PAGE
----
“It’s hard to know exactly how this turns out,” said Adm. Mike Mullen, chairman of the Joint Chiefs of Staff, this past Sunday, in answer to a question about the US-French-British-et al. aerial assault on Libya. Oh, really?
The admiral made his statement after US and British ships opened fire and put 114 million-dollar Tomahawk cruise missiles downrange at Libyan targets over the weekend. Another 25 or so US and British Tomahawks have left the launch boxes in the past couple of days.
Meanwhile, over the weekend, French jets bombed the tar out of Libyan armored and troop columns near Benghazi. While a flight of B-2 bombers soared from Missouri, crossed the Atlantic Ocean and Mediterranean Sea and dropped precision weapons on other Libyan targets – according to Aviation Week & Space Technology magazine.
So let me see if I’ve got this straight. The US armed forces, and allies, are waging intercontinental, techno-war against Libya – a desert-dictatorship that is, at root, a failing, North African petro- state with mostly third-rate military capabilities. But according to the top honcho of the JCS, we don’t know how it’s going to turn out?
We don’t know? That’s quite an admission by Adm. Mullen. If nothing else, whatever happened to sounding confident for the TV cameras and saying, “We win, they lose”?
Then again, what else doesn’t Adm. Mullen know? Let’s get down to basics. What’s the alliance? Who’s fighting whom? Who’s with us? Who or what are we targeting? Is this Libyan air show a NATO thing? If so, why does NATO member Turkey oppose it? Why is a core NATO member, Germany, pulling out?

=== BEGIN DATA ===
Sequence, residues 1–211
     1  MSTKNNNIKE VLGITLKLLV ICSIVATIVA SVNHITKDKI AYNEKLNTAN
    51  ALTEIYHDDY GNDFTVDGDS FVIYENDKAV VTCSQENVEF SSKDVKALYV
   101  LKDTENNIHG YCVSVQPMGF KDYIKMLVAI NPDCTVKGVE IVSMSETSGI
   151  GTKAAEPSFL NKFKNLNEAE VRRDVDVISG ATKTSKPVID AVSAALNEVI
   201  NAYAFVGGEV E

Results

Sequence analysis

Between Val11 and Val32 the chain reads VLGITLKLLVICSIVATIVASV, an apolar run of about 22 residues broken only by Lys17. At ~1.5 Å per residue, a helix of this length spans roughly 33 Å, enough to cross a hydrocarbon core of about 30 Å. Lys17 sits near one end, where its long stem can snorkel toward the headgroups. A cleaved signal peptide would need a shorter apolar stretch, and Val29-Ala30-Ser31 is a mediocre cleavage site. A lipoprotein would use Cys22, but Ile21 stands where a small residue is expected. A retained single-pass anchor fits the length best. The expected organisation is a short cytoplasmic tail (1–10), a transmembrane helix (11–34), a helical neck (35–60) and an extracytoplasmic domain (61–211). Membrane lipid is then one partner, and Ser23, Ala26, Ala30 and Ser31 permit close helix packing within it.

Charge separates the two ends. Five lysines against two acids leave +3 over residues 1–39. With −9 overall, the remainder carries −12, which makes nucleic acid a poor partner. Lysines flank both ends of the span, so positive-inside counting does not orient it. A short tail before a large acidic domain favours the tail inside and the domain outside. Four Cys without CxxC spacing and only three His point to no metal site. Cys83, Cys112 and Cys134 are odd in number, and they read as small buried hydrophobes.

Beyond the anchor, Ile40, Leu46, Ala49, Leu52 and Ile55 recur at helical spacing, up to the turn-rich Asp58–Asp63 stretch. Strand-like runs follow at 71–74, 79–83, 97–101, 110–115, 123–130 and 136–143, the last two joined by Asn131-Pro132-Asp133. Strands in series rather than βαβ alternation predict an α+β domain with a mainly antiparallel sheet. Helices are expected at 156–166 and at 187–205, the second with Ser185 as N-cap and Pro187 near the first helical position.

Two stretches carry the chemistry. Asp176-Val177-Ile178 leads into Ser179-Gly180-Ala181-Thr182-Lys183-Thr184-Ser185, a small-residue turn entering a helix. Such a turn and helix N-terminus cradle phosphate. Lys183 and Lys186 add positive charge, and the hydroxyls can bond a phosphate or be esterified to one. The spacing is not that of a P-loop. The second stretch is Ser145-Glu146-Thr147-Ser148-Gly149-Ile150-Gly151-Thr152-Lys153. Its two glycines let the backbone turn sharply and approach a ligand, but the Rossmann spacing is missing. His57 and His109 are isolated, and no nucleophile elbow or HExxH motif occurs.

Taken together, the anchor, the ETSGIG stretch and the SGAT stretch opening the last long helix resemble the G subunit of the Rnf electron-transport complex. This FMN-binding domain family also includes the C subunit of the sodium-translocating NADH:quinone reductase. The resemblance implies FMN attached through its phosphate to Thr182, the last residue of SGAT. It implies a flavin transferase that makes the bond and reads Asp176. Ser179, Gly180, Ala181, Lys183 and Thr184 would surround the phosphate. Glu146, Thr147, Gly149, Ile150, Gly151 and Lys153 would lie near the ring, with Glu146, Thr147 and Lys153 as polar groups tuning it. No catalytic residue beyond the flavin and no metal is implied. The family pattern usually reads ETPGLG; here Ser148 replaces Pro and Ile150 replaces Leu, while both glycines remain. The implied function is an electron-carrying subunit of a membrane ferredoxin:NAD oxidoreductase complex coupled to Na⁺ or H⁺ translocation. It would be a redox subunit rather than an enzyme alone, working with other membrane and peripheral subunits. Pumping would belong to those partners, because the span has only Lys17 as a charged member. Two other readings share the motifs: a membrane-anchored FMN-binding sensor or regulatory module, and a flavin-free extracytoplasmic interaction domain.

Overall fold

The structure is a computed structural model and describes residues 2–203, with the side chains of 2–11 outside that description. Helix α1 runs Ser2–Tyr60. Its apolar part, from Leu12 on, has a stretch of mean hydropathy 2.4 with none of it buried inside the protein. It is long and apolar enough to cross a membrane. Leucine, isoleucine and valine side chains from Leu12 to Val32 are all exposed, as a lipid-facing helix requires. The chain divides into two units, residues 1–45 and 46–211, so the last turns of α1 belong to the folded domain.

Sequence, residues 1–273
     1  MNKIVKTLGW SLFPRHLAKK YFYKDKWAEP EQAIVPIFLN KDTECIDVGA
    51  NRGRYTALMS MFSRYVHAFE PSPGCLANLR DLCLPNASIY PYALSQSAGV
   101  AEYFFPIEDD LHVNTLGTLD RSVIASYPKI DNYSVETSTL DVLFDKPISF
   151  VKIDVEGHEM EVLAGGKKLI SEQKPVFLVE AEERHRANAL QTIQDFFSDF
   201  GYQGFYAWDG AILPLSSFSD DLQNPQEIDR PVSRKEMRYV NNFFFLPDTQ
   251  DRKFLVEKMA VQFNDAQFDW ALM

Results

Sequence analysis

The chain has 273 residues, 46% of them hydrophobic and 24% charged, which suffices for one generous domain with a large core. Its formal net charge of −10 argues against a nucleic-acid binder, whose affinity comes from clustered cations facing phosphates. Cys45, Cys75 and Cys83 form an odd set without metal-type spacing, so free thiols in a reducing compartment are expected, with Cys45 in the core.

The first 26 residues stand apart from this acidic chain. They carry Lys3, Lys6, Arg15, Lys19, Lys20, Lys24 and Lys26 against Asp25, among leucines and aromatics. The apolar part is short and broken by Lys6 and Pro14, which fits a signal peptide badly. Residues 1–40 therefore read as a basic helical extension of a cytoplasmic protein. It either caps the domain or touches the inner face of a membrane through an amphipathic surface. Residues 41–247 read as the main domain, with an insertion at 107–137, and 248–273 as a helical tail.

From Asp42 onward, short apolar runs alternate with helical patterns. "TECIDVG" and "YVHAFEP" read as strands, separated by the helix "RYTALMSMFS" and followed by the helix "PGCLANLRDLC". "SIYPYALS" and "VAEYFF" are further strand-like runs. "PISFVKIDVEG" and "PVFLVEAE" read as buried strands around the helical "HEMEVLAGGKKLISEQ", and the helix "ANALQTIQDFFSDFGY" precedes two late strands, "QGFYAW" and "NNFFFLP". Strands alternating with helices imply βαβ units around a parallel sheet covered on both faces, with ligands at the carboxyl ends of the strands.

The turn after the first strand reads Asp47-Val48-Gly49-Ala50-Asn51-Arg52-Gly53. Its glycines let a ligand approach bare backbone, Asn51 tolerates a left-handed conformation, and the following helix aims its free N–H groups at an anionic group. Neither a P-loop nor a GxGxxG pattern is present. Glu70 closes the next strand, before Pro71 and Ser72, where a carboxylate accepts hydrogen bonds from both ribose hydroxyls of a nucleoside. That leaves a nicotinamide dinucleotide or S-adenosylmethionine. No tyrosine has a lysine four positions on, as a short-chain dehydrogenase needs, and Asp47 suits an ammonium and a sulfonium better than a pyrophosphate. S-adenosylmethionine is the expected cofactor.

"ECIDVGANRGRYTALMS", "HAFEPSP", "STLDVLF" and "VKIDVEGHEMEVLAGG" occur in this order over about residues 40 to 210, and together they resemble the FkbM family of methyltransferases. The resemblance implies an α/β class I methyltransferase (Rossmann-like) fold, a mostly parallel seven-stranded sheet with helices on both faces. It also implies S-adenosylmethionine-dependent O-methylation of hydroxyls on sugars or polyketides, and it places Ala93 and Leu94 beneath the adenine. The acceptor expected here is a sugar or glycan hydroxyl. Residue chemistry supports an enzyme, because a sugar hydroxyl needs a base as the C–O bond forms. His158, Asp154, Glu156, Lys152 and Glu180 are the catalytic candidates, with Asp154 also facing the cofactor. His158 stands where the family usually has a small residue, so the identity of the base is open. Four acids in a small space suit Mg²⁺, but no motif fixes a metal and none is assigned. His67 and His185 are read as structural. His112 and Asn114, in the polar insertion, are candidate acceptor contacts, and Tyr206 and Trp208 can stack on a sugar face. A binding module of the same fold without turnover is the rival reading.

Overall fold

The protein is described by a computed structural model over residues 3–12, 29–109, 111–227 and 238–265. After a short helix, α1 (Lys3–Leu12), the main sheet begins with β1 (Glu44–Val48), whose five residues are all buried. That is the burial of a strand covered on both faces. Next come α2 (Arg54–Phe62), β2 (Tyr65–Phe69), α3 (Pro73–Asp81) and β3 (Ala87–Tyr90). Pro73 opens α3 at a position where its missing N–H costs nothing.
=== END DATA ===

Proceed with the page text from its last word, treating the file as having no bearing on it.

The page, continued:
More broadly, what’s the strategy? What’s the operational concept? What’s the order of battle? What are the military goals? When the shooting stops (and it will stop, right?), with whom do we make peace? So maybe we won’t have a signing ceremony on the deck of a battleship, but what’s the theory of victory? Um…by the way, who’s in charge?
Sure, there’s an adrenalin rush from picking up the morning newspaper and seeing front-page photos of bombs bursting, airplanes falling and tanks smoking.
Then again, you could get your heart rate up by going to see the recently released movie Battle: Los Angeles. Wow, what a campy ordnance flick! It’s a Marine Corps recruiting infomercial from start to end. And at least in Battle: Los Angeles, you can set aside your moral qualms. Battle: Los Angeles is a sci-fi bug hunt, in which space aliens have invaded Santa Monica and are, in turn, getting what they asked for. But I digress.
Space aliens aside, it’s not as if Libya’s Generalissimo Gaddafi doesn’t have serious pain coming to him. He’s never paid for his role in the gratuitous 1988 bombing of Pan Am Flight 103. On that point of history, the US should maintain a very long memory – and be open and honest about it when the right time comes along.
In case you can’t tell, Pan Am 103 brings out my inner Roman Legionnaire. I think that Pan Am 103 supports the ancient concept of a purely punitive expedition. Blow up one of our airliners? We’ll pulverize you, out of raw vengeance. Under most circumstances, I’m OK with bombing Gaddafi under the doctrine of payback and specific deterrence. That is, he’ll never blow up another airliner because he’ll be toast.
But something troubles me about the current military display. The air raids are occurring absent anything like a formal US declaration of war against Libya, let alone a mere congressional authorization to employ arms. Indeed, before the Romans destroyed Carthage, they debated the purpose of their effort in their Senate. The outcome? Well, they set a clear policy. “Carthago delenda est” (Carthage must be destroyed.)